DA will not leave Parliament

The Democratic Alliance (DA) says it will not be in the party’s interest to pull out of Parliament. This is after Economic Freedom Fighters’ (EFF) leader Julius Malema told the SABC that his party is in talks with the DA on the possibility of resigning from Parliament in the near future in order to force fresh elections.

The move is in light of the Constitutional Court judgment which found that the National Assembly had failed in its duty to hold the executive accountable.

Malema says, “I went to the leader of the DA and said to the leader that if we combine the EFF numbers and the DA numbers and we resign from Parliament, that thing is no longer a properly constituted Parliament.

But that strategy will still come. We are still weighing our options. If Parliament doesn’t reach its quorum then we can approach the Constitutional Court to go and instruct the speaker to dissolve Parliament.”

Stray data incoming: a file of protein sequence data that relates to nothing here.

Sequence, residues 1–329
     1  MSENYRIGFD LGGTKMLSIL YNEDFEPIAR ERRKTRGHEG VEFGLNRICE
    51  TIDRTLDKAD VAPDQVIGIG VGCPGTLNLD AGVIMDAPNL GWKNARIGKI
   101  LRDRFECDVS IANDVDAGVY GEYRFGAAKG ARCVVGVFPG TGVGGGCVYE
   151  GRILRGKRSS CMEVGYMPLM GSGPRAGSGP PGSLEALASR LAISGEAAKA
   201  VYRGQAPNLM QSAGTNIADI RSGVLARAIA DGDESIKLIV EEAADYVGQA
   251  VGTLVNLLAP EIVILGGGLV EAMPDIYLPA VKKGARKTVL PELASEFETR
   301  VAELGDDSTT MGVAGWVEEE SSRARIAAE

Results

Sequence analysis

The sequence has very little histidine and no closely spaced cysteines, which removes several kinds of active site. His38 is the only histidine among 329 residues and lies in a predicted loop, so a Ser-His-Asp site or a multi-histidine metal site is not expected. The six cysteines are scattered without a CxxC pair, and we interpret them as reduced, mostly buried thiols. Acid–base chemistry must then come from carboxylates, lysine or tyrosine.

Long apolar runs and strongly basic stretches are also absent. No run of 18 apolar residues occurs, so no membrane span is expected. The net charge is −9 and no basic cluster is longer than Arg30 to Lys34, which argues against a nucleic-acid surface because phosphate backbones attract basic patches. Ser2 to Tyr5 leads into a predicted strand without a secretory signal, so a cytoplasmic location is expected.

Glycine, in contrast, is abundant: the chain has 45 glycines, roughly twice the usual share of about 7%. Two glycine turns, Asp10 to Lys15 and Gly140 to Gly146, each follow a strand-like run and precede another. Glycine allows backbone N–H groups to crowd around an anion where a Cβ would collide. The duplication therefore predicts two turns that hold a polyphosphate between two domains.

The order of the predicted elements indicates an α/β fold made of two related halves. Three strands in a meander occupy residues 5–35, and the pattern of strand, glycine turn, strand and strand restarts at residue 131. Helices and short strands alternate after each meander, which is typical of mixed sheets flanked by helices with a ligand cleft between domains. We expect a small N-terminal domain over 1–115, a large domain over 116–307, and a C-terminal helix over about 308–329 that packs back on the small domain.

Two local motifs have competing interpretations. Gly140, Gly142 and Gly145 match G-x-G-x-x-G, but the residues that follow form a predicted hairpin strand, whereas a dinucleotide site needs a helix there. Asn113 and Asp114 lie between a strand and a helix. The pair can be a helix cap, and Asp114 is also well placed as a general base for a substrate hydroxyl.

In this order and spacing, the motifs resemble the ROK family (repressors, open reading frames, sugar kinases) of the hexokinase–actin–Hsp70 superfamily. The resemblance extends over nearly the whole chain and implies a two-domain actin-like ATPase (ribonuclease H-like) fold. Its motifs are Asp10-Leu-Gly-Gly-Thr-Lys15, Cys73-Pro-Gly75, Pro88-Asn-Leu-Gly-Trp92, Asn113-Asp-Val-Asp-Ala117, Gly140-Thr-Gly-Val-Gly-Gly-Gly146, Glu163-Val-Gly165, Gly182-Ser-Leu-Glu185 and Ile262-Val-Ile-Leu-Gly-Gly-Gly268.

The DA says this announcement by Malema is overrated. DA federal chairperson, James Selfe, says the issue has not been formally raised in the party.

“Mr Malema mentioned this in passing to Mr Maimane towards the end of last year but there have been no serious talks between our two organizations on the topic.”

On whether the DA considers such a discussion, Selfe says, “Absolutely not, we were elected to Parliament to serve the interests of the DA voters and we will continue to do that.

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There may be many wrong things in Parliament but we need to fight from within and withdrawing from Parliament is not a feasible option.”

Meanwhile, constitutional law expert Pierre de Vos says withdrawing from Parliament will not help opposition parties in any way. He says the African National Congress (ANC), with its current majority, will still be able to run the affairs of Parliament.

“In terms of the Constitution to seat and consider matters and have discussions, you have to have a third of members of the National Assembly present and to pass the legislation, you must have 50% of members present.

The ANC currently has about 62% of members in the National Assembly and provided that not too many of them are absent, they will be able to master the quorum to do all business of Parliament.”

Source: SABC News

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